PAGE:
Animal bites in the Middle Ages
University of York – by Kathleen Walker-Meikle
Bites and punctures, from both venomous and non- venomous animals, appear frequently in both medical and lay sources throughout the High and Late Middle Ages, understandably so in a society where humans lived in close contact with many animals, both wild and domestic. In December 2010, I started a three-year Wellcome Trust Medical History and Humanities Research Fellowship on a project titled ‘The medical category “bites and punctures” in Latin medical literature in the 13th–14th centuries’.
The project examines how late medieval medical authorities formulated and responded to the problem of bites and punctures from wild and domestic animals, both venomous and non-venomous, such as snakes, bees, cats and dogs (rabid and non-rabid). Through this project, I hope to understand medieval theoretical and practical ideas on punctures and wounds caused by animals and animal toxicology, as animal bites of all kinds were often believed to contain noxious poisons that needed swift attention, and how animal bites were defined, situated and structured in regard to causes, symptoms and treatment in the learned medical tradition.
To provide a background to the subject, I began by examining works that mention animal bites and possible cures from Antiquity. After an brief excursus into Byzantine medical texts, I will work on animal bites in Latin texts in the West through the early Middle Ages before focusing on the impact of texts translated mainly from Arabic (also from Greek and Hebrew) into Latin in the High Middle Ages, and their subsequent elaboration, restructuring and use or disuse by medical authorities. This begins with the translations associated with Constantine the African at Monte Cassino in the later 11th century and proceeds through the translations of Gerard of Cremona (d. 1187) in Spain and beyond. Many of the translations are notable for the wide variety of animals discussed: for example, Avicenna speaks of the bites of crocodiles, cats, lions, men, sea-dragons, lizards, salamanders and assorted venomous snakes, among many others. Another focus will be on texts and commentaries used in university curricula, in faculties of both medicine and arts. In the case of the latter, animal bites appear in natural history texts. Another major source are the encyclopedias of the 13th century, produced by mendicant scholars. In the 14th century, there is an extraordinary growth of specific works on poisons, most of which discuss the bites of venomous animals.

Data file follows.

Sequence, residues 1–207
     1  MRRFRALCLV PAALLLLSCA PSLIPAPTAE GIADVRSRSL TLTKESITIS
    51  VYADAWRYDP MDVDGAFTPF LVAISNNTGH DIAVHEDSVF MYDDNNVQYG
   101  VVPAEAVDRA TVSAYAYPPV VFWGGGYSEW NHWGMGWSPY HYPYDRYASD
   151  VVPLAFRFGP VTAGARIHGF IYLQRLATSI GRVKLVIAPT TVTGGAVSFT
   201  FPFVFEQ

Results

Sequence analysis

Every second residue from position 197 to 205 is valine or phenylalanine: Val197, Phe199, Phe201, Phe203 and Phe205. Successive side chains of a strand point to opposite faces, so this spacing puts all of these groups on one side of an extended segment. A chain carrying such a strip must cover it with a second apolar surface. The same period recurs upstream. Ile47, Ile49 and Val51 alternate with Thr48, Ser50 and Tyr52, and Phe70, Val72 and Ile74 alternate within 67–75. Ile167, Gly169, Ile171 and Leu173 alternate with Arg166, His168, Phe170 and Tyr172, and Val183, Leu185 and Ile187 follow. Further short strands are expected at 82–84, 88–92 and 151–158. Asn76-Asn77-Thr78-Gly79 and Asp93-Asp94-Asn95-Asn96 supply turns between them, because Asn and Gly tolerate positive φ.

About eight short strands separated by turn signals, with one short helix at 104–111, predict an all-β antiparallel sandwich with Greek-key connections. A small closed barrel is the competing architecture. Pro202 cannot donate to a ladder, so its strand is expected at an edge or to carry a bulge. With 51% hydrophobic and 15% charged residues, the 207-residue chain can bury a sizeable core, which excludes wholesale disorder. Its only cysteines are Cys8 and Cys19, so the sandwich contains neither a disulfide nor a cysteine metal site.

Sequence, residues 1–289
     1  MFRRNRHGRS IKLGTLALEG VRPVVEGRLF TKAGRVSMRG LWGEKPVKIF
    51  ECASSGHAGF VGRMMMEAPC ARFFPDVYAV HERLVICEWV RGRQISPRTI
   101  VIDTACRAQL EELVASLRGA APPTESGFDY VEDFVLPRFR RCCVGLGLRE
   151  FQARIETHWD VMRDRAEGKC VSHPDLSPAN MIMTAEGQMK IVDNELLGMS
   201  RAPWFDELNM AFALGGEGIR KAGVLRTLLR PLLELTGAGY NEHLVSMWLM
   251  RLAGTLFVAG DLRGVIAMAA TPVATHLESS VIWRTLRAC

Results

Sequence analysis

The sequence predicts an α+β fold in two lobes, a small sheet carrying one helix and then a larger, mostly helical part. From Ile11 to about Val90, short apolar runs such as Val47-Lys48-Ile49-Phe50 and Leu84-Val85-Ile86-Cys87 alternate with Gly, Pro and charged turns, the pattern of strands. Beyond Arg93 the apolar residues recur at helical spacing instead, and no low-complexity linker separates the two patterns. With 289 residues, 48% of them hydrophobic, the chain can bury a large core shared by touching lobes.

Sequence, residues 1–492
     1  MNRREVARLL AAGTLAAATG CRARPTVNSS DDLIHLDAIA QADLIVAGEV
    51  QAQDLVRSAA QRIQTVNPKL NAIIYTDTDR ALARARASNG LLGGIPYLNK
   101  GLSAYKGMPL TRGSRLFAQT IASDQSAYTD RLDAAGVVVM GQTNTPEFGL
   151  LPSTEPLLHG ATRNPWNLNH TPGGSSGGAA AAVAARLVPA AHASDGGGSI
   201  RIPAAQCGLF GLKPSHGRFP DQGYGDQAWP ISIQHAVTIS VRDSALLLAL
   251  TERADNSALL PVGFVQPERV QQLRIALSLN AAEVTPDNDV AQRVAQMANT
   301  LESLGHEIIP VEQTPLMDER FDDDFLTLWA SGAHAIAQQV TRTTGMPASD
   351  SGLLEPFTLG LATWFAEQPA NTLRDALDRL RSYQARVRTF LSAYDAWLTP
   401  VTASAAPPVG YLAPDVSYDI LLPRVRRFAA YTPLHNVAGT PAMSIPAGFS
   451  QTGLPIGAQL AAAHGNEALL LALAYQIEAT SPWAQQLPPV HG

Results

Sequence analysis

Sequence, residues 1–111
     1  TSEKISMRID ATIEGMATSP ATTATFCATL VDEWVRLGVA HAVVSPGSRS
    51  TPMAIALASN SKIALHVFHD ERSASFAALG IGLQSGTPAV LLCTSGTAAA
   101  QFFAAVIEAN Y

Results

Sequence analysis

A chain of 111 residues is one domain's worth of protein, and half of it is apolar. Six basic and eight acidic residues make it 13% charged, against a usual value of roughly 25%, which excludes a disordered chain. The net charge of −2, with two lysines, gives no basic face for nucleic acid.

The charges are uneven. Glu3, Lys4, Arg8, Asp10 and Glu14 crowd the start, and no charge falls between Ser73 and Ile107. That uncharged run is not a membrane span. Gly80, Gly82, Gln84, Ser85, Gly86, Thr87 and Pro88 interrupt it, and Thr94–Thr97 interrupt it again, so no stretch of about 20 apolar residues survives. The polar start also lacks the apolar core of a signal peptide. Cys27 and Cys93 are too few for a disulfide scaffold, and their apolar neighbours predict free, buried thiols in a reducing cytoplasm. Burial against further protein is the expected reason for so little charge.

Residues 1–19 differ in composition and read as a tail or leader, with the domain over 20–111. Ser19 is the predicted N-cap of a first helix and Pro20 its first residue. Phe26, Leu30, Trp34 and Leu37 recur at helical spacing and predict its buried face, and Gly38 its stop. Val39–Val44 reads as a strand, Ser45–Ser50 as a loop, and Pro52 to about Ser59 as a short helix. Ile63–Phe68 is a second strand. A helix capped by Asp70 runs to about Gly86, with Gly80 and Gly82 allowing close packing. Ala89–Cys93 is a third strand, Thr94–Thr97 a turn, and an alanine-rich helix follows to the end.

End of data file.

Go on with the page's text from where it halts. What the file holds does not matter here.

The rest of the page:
Medieval authors suggested varied treatments for bites. The initial act usually was to distinguish between the bites of venomous beasts (snakes, scorpions and rabid dogs were included here) and non-venomous animals (hares, cats and non-rabid dogs, for example). A venomous wound could be recognised by the painful burning and swelling sensation at the wound. Bites could be worse if the animal was angry, having been provoked or teased by the patient, or if the animal came from a hot and dry climate. A particular focus was rabid dogs, as dogs were a domestic animal that lived in very close contact with humans. Many works describe in detail how to identify a rabid dog by its behaviour, which included drooling, red eyes, barking at its own shadow and not recognising its master.
Sea bathing was suggested as a treatment by many authors, for both people and dogs who might have (or not) rabies. The late 13th- century surgeon Henri de Mondeville commented that it was common to see on beaches in Normandy men and dogs being taken to the seashore for a bath, and then returned cured and docile. Other treatments included a variety of ointments to place on the wound and potions to drink. One recipe including splitting open chickens and laying them on the bite; another suggested an ointment made from pigeon droppings, garlic and salt, while a third mixed figs and pomegranates together to place on the wound. Of all the medicines taken internally, the most famous was theriac, a complicated medical compound that could trace its lineage back to classical Antiquity. In addition, cauteries and amputation were suggested by surgical authors, and there were also assorted prophylactic remedies to ward off animals such as wasps, bees, snakes and scorpions so that one might not get bitten in the first place.
Kathleen Walker-Meikle is a Wellcome Trust Research Fellow at the Department of History, University of York.